To The Editor,
Bob Meade claimed I said things I actually didn't say in my letter on the decline of religion. Conservative letter writers to The Sun do this all the time which makes one wonder if they actually read or understand the letters. The letter contained three sets of statistics on religion. One was that church attendance has significantly dropped. Only 14 percent of those born after 1956 attend church services. I never said not going to church meant not believing in God. Mr. Mead said I did. Regarding the "nones," the Pew survey puts it this way: "Religious "nones" — a shorthand we use to refer to people who self-identify as atheists or agnostics, as well as those who say their religion is "nothing in particular" — now make up roughly 23 percent of the U.S. adult population. This is a stark increase from 2007, the last time a similar Pew Research study was conducted, when 16 percent of Americans were "nones."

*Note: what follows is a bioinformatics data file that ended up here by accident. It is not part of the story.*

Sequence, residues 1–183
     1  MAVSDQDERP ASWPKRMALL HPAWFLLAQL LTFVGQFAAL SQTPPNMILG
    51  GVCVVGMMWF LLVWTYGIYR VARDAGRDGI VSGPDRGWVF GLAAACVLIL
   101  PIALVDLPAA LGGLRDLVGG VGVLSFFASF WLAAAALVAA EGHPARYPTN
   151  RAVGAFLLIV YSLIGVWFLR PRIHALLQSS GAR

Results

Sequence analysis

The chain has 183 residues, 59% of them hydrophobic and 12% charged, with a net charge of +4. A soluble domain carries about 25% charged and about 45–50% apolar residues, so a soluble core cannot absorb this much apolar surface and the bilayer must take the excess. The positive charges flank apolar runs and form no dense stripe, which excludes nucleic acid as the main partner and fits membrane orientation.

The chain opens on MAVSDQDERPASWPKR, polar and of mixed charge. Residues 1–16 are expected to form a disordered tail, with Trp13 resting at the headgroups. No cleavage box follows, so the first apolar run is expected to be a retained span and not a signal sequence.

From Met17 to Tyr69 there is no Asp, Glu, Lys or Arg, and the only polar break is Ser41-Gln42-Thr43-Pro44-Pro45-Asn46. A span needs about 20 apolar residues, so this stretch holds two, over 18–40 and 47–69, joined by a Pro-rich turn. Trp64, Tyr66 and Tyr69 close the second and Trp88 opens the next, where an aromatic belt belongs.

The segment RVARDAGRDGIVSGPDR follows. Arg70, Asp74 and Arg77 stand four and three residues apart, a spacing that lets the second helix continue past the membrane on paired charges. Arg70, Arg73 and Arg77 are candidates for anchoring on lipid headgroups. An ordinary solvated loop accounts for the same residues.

The other statistic I mentioned was that only 45 percent of people 18-30 are sure there is a God. That would mean 55 percent are agnostic at the outset. This is a major generational shift. In fact, under 18 it gets worse. In one survey, only one in 10 high school seniors said religion was important in their lives.
In debates regarding science or religion, it is the responsibility of the person who makes a positive claim of something's existence to provide the evidence. The burden of evidence is always with the positive claimant. I don't have to believe anything if there is no evidence for it. Doubt is a logical default position for any claim whether it be scientific or religious until evidence arises that suggests otherwise. This is critical thinking. Asking someone to prove a negative only proves one has no cogent response. Can Mr. Meade prove that the Flying Spaghetti Monster isn't the one true God? Of course he can't. Demanding the proof of a negative is a logical fallacy that is the last defense of one with no answer.
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